Pass fair Elections early in 2019
Rob Calarco

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Pass fair Elections early in 2019

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Grassroots groups and Suffolk County legislators gathered last week at the Suffolk County Legislature calling on state elected officials to follow Suffolk County’s lead and pass fair elections legislation that includes a small donor program, the closing of the LLC loophole, and comprehensive voting rights reforms in New York State. As the legislative session in Albany is about to start, all three top-elected leaders — Gov. Andrew Cuomo, incoming Senate majority leader Andrea Stewart-Cousins, and Assembly speaker Carl Heastie — have authored fair elections proposals to reduce the influence of big money in politics and give everyday New Yorkers a bigger voice in Albany. 

The recommended reforms are similar to proposals that Cuomo, Stewart-Cousins and Heastie have supported over the years — consistently blocked by Republicans in the Senate — and reflect the recommendations of the 2013 Moreland Commission on Public Corruption.

“I am very proud to be the sponsor of Suffolk County’s campaign finance reform legislation,” stated deputy presiding officer Rob Calarco. “Public financing of campaigns has proven to increase voter participation, makes elections more competitive, expands access for more candidates, and reduces the influence of big money donors. Our law puts the focus of campaigns back on the voters, the people that elected officials are here to serve. I call upon my colleagues in New York State to pass campaign finance reform in the New Year.”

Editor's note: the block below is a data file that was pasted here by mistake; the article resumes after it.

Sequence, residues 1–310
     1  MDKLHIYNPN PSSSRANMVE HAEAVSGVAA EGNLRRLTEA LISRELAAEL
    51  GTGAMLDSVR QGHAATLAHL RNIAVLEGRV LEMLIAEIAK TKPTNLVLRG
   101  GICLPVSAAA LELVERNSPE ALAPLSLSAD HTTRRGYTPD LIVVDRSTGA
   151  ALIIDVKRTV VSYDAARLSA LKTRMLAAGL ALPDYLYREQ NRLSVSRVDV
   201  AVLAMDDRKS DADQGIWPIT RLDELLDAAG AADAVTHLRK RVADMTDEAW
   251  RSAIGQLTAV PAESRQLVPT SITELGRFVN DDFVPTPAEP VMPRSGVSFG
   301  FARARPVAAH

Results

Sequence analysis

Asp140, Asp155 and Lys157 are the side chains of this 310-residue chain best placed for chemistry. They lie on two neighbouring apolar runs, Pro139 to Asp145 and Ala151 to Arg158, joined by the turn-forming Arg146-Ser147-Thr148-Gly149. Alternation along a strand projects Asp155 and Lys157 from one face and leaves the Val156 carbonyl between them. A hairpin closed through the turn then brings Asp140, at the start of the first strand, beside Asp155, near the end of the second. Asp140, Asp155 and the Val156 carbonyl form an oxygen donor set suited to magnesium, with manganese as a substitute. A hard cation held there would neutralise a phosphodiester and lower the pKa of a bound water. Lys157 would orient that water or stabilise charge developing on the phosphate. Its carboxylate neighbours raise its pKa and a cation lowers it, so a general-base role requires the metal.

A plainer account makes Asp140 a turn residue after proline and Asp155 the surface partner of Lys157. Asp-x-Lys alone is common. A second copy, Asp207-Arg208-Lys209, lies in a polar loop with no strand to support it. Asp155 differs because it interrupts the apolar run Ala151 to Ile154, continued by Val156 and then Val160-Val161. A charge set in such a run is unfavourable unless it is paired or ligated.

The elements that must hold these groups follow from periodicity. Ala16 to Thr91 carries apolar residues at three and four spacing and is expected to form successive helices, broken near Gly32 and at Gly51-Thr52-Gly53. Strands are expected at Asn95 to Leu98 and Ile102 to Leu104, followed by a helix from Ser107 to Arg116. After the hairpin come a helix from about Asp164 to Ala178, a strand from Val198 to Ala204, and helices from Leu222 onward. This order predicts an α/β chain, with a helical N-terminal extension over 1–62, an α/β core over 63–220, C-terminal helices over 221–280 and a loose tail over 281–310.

The diverse and growing Fair Elections for New York campaign includes over 140 community, labor, tenant, immigrant, racial justice, environment, faith, good government, and grassroots resistance organizations.

The proposed fair elections reform package includes:

• Small donor public financing. A small donor matching system for candidates in state elections, including district attorneys, like the successful program in New York City. Includes a $6-to-$1 public matching on small dollar donations, enforcement, and robust candidate support services to help anyone running for office comply with the law. 

• Limiting the influence of big money. Close the “LLC loophole,” which allows anyone to funnel unlimited money into our elections and conceal the donor’s identity. Also, reduce New York’s unusually high contribution limits to restrict how much money wealthy donors can give to candidates and committees, among other improvements.

• Making it easier, not harder, to vote. Including but not limited to automatic voter registration, early voting, same-day registration, online voter registration, no excuse absentee voting, new party enrollment deadlines, preregistration for 16- and 17-year-olds, full voting access for people with disabilities, and codify into law New York’s new policy to extend voting rights to all New Yorkers with past criminal convictions.